How To Make Muscadine Wine

Muscadine may not be a very well-known type of wine, but it can actually be quite delicious. And since it isn’t very popular, muscadine wine can be hard to track down. You may need to visit specialty stores or pay for expensive shipping online. 

Luckily, muscadine wine is relatively simple to make yourself! The whole process only needs four ingredients: water, sugar, grapes, and yeast. Just keep in mind that fermenting wine takes time, so do plan accordingly.

How To Make Muscadine Wine

We’ll cover more about muscadine wine below, including how to make it, how it tastes, and what its alcohol content is.

Muscadine Wine Basics

Muscadine wine is a type of sweet, decadent wine created from North American muscadine grapes. The grapes themselves are found in the Southeast areas of the US.

They are available in many colors, from the usual green to the more striking black. This is why the wines the grapes make are available in both red and white options. 

One difference between muscadine grapes and other grapes is that they aren’t commercially made. This is why muscadine wine is so hard to find, as most bottles are either made within Southern states or brewed at home. 

Muscadine Wine Flavors

Muscadine wine used to only give off one flavor, which was sweet. Muscadine grapes aren’t that sweet, which is why winemakers added more sugar to the brew. This gave the wine more flavor.

Times have changed since then, and now, muscadine wine is available in many different flavors. The majority of muscadine wine bottles are still sweet, but you can find less sweet options that contain less sugar. These have more of a fresh, invigorating taste. 

Alcohol Content In Muscadine Wine

If you’re wondering how much alcohol is in muscadine wine, the answer depends on the amount consumed. Compared to other types of alcohol, muscadine wine doesn’t contain that much alcohol. Its average ABV is around 10%, which is less than the average wine’s ABV of 11.6%.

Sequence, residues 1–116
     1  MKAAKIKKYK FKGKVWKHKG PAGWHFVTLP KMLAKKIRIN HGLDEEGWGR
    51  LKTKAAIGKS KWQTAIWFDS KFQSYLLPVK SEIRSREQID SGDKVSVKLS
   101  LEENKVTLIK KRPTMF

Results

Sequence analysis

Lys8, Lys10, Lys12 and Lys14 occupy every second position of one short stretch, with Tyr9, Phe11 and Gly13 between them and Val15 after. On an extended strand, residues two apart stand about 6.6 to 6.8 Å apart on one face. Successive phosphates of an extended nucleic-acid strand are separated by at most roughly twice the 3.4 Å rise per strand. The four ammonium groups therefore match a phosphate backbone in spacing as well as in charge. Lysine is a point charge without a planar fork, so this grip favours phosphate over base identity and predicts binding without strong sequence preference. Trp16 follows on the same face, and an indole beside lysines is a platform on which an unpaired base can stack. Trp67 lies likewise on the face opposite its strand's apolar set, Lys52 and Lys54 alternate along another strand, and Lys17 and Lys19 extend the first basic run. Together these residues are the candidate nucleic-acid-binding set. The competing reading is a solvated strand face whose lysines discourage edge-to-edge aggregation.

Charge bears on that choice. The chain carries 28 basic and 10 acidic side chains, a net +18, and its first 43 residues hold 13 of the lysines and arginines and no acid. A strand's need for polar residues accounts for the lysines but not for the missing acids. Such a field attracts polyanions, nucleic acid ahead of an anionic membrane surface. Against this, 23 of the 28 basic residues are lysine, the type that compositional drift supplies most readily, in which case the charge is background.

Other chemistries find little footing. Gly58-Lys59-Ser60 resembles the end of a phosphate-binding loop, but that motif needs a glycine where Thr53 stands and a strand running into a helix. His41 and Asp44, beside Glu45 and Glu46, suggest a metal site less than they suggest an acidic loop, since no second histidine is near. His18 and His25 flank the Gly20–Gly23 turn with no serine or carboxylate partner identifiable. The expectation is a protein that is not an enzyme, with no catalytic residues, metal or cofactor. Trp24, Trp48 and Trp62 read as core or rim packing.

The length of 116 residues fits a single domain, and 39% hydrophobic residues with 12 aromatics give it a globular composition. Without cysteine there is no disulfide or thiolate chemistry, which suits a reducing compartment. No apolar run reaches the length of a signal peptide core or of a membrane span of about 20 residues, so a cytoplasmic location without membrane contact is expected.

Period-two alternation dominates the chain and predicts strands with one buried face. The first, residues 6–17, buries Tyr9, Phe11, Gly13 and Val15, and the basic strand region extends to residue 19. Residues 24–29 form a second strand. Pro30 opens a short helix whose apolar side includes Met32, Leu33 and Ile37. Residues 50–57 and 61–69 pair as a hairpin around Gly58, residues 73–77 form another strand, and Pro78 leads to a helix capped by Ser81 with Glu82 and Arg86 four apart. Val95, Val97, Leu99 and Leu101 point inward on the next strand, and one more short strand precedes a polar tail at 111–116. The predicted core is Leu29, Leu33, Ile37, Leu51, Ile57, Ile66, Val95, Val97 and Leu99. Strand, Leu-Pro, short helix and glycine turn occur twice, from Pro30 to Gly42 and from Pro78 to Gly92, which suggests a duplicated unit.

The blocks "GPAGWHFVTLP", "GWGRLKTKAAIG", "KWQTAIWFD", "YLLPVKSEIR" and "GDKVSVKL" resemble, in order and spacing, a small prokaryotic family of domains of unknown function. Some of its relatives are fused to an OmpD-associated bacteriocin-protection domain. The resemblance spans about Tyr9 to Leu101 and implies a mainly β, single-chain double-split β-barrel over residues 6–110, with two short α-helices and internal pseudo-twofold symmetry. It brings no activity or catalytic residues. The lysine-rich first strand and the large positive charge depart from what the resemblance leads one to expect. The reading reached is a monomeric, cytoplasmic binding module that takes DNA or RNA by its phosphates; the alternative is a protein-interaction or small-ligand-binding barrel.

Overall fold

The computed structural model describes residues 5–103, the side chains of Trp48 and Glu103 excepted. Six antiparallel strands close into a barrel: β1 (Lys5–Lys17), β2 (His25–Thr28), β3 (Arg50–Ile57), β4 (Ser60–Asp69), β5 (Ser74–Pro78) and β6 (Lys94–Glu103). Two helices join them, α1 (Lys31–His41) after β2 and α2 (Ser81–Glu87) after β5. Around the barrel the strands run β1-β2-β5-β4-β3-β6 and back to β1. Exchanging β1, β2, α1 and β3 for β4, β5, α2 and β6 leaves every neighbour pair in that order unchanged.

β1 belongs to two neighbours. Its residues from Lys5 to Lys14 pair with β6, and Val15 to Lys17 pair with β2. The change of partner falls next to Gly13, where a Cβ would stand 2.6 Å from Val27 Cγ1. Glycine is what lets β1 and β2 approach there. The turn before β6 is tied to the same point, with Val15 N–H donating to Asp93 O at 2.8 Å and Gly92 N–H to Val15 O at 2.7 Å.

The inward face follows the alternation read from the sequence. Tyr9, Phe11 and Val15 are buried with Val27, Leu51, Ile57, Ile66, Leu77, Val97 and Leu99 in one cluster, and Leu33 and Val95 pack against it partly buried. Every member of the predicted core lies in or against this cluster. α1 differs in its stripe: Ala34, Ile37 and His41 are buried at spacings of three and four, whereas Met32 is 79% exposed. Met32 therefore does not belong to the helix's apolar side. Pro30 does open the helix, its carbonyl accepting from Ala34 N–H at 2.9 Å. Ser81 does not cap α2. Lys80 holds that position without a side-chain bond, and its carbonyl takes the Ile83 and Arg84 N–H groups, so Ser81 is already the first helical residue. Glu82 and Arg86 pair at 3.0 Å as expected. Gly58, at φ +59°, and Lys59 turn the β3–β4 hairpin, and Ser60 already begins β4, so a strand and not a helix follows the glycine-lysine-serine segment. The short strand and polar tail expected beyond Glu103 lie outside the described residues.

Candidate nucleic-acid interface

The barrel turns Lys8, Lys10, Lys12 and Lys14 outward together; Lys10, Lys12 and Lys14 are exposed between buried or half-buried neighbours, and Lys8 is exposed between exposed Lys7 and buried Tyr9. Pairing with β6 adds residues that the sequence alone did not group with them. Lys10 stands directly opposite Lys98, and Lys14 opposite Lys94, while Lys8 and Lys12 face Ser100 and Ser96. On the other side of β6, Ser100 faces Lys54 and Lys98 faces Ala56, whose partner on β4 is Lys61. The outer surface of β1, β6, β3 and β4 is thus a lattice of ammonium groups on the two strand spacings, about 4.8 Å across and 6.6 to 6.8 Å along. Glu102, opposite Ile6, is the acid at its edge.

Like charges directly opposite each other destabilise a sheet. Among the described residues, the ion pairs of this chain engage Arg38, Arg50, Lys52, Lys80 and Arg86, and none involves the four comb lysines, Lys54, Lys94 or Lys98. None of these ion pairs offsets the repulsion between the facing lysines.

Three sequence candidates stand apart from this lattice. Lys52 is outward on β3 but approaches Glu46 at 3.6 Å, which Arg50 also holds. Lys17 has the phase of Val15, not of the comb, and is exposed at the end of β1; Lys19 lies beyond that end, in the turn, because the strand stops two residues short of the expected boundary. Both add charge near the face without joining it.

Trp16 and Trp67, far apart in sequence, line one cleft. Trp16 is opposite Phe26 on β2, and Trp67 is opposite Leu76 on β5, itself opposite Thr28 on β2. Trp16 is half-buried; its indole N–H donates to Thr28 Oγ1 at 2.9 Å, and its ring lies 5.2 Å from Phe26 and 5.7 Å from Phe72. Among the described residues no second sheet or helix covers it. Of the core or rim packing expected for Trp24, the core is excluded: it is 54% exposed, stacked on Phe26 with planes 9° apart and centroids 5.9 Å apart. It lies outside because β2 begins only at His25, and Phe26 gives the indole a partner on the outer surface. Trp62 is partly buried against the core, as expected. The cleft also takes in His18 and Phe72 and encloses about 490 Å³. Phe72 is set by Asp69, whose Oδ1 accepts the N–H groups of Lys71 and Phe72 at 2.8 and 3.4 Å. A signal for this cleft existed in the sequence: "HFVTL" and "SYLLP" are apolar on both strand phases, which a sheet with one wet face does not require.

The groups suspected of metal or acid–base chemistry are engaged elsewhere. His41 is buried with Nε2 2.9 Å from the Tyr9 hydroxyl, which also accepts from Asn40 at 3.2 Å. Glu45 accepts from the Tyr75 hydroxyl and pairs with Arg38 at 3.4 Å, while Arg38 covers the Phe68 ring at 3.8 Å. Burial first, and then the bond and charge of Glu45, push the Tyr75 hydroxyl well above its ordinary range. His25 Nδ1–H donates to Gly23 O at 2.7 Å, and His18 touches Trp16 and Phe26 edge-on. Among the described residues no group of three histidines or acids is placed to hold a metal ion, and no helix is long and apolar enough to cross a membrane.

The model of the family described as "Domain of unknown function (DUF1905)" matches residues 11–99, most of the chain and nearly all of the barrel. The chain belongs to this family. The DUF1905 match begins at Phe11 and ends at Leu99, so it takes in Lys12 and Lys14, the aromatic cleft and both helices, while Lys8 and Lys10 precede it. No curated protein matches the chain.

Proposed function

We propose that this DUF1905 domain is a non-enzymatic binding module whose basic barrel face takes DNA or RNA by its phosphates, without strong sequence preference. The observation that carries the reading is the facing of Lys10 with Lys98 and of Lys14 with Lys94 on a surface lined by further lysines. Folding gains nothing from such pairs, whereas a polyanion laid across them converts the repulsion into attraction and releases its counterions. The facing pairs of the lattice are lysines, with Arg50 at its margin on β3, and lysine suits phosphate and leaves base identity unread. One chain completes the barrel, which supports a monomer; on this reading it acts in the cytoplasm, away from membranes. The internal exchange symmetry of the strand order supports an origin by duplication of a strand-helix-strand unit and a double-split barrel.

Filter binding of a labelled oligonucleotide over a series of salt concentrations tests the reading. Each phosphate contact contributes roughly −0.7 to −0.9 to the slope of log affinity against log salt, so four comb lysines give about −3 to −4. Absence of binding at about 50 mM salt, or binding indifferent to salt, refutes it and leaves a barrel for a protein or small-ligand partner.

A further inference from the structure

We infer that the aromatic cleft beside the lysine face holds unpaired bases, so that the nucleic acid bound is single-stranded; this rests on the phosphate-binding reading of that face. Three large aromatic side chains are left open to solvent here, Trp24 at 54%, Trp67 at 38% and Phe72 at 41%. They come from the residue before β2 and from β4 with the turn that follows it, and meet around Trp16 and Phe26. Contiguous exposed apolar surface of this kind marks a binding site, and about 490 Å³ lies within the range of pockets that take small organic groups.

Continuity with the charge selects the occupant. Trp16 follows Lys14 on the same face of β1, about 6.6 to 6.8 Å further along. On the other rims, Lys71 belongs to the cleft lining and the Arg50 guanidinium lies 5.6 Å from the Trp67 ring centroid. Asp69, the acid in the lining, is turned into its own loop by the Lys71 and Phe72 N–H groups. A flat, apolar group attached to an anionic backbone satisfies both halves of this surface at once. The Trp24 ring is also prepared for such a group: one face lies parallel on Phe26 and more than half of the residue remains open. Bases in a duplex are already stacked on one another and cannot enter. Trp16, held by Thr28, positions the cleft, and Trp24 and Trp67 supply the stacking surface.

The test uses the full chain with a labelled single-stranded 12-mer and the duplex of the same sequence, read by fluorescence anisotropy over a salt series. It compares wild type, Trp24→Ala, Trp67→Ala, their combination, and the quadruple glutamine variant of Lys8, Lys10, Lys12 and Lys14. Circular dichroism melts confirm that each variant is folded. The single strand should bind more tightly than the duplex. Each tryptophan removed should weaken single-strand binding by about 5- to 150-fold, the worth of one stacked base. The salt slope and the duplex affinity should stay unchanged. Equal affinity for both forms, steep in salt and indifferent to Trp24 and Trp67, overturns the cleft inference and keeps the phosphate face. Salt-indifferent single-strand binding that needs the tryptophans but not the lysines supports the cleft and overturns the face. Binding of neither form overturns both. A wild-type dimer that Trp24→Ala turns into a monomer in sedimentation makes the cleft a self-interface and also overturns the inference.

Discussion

Of course, muscadine wine is more likely to get you tipsy compared to beer, but it’s a little bit gentler compared to other types of wine. 

How To Make Muscadine Wine

How To Make Muscadine Wine

Now that you know a little more about muscadine wine, we can get into how to make it yourself!

Here’s a simple recipe to try. Before you start, gather your ingredients. You will need the following:

  • A quart of muscadine grapes, pre mashed
  • 3 quarts of water
  • Six cups of granulated sugar
  • Seven grams of yeast

Now you can begin the method. 

Step 1: Dissolving The Sugar

Begin by pouring all of the water into a large, glass container. Then add the sugar and stir until dissolved. 

Step 2: Creating The Mixture

After the sugar has fully dissolved, you can now add the mashed grapes to the water. Gently sprinkle the yeast on top of the mix, then cover the container with cheesecloth.

Store in a cool, dark location and leave it alone for 24 hours.

Step 3: Let It Rest

Once the day has passed, stir the mixture thoroughly. Cover the container with the cheesecloth again, and place it back in the cool, dark location.